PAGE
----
White Paper: From DTP to the Web

An overview of transferring print-based design skills to the Web

An overview of transferring print-based design skills to the Web

Visual contrast and page design

Good typography depends on the visual contrast between one font and another, and the contrast between text blocks and the surrounding empty space. Nothing attracts the eye and brain of the viewer like strong contrast and distinctive patterns, and you only get those attributes by carefully designing them into your pages. If you make everything bold, then nothing stands out and you end up looking as if you are SHOUTING at your readers. If you cram every page with dense text, readers see a wall of grey and their brains will instinctively reject the lack of visual contrast. Just making things uniformly bigger doesn't help at all. Even boldface fonts become monotonous very quickly, because if everything is bold then nothing stands out "boldly".

Use the major HTML headings sparingly. One alternative to overly bold HTML headers is to use the physical style controls of HTML to make text bold or italic without increasing the font size. However, you should understand that there are some disadvantages to using physical styles to control the typography of your web pages. The HTML heading tags (H1, H2) are designed to identify important titles and subtitles in your text and are only, incidentally, meant to change the visual display of the titles. If you use the "FONT SIZE" tags in Netscape and use physical styles like "BOLD", then automatic indexing and text analysis programs will have a difficult time analysing your web documents.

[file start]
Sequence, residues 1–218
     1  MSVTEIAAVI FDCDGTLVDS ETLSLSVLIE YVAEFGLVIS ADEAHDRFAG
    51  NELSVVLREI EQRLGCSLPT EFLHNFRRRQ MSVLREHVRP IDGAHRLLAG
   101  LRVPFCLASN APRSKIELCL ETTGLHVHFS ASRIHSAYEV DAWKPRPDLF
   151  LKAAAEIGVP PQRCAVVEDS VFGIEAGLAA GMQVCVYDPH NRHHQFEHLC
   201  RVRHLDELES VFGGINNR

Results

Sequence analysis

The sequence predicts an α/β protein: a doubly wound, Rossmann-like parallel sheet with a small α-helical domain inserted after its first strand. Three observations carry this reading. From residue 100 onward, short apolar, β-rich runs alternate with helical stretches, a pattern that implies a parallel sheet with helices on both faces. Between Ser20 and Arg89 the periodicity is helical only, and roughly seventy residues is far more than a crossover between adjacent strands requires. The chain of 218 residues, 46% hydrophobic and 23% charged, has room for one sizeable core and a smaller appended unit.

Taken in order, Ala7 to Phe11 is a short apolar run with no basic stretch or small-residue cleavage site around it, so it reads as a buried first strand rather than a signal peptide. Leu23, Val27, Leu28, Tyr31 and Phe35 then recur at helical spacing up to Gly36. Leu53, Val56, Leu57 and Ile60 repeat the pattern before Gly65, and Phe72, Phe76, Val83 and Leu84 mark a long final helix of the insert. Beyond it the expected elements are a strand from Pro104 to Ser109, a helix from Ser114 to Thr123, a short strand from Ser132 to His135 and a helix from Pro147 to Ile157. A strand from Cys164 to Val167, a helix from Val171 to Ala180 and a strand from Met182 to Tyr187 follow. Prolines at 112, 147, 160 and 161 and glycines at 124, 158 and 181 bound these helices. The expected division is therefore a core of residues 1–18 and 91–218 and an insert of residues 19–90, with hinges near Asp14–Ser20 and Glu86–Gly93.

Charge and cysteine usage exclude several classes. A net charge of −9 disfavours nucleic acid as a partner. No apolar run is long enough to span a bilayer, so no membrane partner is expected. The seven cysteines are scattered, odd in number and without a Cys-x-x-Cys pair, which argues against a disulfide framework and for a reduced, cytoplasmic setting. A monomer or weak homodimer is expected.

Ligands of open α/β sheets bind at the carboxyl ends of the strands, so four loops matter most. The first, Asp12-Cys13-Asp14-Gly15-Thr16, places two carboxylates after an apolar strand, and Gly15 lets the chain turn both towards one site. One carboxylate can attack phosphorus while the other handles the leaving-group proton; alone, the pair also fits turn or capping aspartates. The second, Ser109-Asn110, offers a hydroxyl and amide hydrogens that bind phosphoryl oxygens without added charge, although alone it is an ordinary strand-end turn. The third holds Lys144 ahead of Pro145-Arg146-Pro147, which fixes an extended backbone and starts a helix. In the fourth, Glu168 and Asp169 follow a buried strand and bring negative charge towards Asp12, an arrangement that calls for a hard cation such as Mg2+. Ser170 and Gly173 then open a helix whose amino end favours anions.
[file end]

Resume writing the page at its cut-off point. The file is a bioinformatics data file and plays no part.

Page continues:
Visual logic versus structural logic

The framers of the original HTML standards were scientists who wanted a standard means to share documents with minimal mark-ups aimed at revealing the logical structure of the information. Since they had little interest in the exact visual form of the document, no precise typography and page formatting is possible in current implementations of HTML. In focusing solely on the structural logic of the HTML document, the framers of the Web ignored the need for the visual logic of sophisticated graphic design and typography. The standard organisation responsible for codifying the HTML language is responding to widespread complaints of graphic designers that the heading tags in web documents often produce clunky, over-large titles and subtitles. Through style sheets and new font control tags, future versions of HTML will soon allow you to specify what size font each header level will produce in each web page. Thus, you will be able to produce more sophisticated typography without giving up the substantial advantages of using the conventional HTML header tags.

Type and legibility

We read primarily by recognising the overall shape of words, not by parsing each letter and then assembling a recognisable word. Avoid all-uppercase headlines. They are much harder to read because words formed with capital letters are monotonous rectangles that offer few distinctive shapes to catch the reader's eye.